The longest I’ve been able to ride on my 2002 Harley Sportster is around two hours. After that my whole body is numb from the vibrations and I’ve already stopped for gas three times. I’ve always wanted to go on a tour, but a touring bike has been out of my price point. To celebrate my 40th birthday this year, I decided to embark on a little adventure. I decided to rent a bike that would allow me to tour for a long distance and maybe offer some other luxuries that would make the trip more pleasurable. After doing some online research and asking the advice of friends I committed to renting a bike through EagleRider.
EagleRider is a rental service that dealerships can offer using their own stock of vehicles. They also offer guided tours and other helpful services like pickup/dropoff and on-site parking of your vehicle for the duration of your trip. I was most interested in trying out one of the Indian line of bikes. We don’t have an Indian dealership in Connecticut, so that meant I had to find an EagleRider affiliated dealer in Massachusetts. The dealership I went with was Mom’s in Foxboro Massachusetts. Mom’s deals with a number of brands including Harley, Victory, Yamaha, Polaris, Slingshot and Indian.
The process of renting from EagleRider was fairly simple and straightforward. I picked my dealer location, bike, dates for pickup/dropoff, and filled out the online form before paying with my credit card. The week of my trip I received an email prompting me to check-in online and watch the orientation video. This saved me some time at the pickup counter. When I arrived the day of my trip they had the bike ready to go with a full tank of gas. The staff was very cordial and answered all of my questions with expertise and good humor. All that was left was some signing of forms and then I was off.
I chose the Indian Roadmaster because I’ve been hearing good things about the Indian line and I wanted to ride a touring motorcycle for this trip. The Roadmaster had the features I was looking to use on my trip. I needed some luggage space, and a smooth ride but cruise control was helpful, the adjustable windshield was nice when it rained, and I enjoyed the sound system a little more than I would like to admit. The onboard navigation display was a helpful feature. Not having to rely on my phone for navigation meant not having to add an extra mount to the handlebars and not having to worry about cellular coverage.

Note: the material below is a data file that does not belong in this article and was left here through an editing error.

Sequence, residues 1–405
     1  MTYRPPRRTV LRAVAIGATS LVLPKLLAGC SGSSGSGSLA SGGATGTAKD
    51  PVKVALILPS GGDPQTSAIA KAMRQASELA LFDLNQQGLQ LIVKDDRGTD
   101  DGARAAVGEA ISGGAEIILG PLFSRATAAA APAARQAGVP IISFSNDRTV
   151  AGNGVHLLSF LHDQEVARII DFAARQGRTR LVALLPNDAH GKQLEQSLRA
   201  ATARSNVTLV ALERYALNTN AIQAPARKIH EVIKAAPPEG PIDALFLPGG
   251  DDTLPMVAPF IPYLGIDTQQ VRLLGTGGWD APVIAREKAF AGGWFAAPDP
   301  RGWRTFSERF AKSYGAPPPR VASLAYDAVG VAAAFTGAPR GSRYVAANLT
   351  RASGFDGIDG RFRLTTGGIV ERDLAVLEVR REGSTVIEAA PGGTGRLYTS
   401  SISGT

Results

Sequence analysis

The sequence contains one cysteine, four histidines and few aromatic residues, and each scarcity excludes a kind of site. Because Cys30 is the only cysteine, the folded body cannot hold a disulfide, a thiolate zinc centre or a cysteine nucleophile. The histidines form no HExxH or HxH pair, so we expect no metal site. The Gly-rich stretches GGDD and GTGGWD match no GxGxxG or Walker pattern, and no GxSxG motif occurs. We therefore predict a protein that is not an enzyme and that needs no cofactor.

I ran into a strange issue with my phone and the built-in touch screen when I inadvertently managed to freeze the system up. I paired my phone to the Bluetooth connection on the display to play my audio files and then plugged the phone into the USB connection to keep it charged. This apparently confused the touch screen and it froze up. After parking the bike and shutting it down I found that the display did not want to turn off with the bike. This was only remedied by removing the 5A fuse from the fuse box. After this I didn’t plug the phone into the USB connector and I didn’t have the problem again.
The only other issue I had with the bike was that it got extremely hot around the calves. This was not a problem when the bike was moving, but on the few occasions I encountered stop-and-go traffic on the highways it became incredibly uncomfortable. The RoadMaster is a large and heavy bike, but that is only apparent when I needed to push or pull it without the assistance of the engine. The ride itself was effortless and I had more than enough power at my disposal.
Dropoff of the bike was even easier than checking it out. They took the mileage, inspected it for damage, checked that I returned it with a full tank, and I was free to go. In the end, I was happy with my choices. I highly recommend getting to know your local EagleRider-affiliated dealerships and trying out different vehicles. It’s better than a test drive because it lets you live with bike for a while and really get to know its idiosyncrasies. I’m already making plans for next year’s adventure and while an Indian Roadmaster is still out of my price range, I’m excited to know that I can rent one anytime I hear the road calling.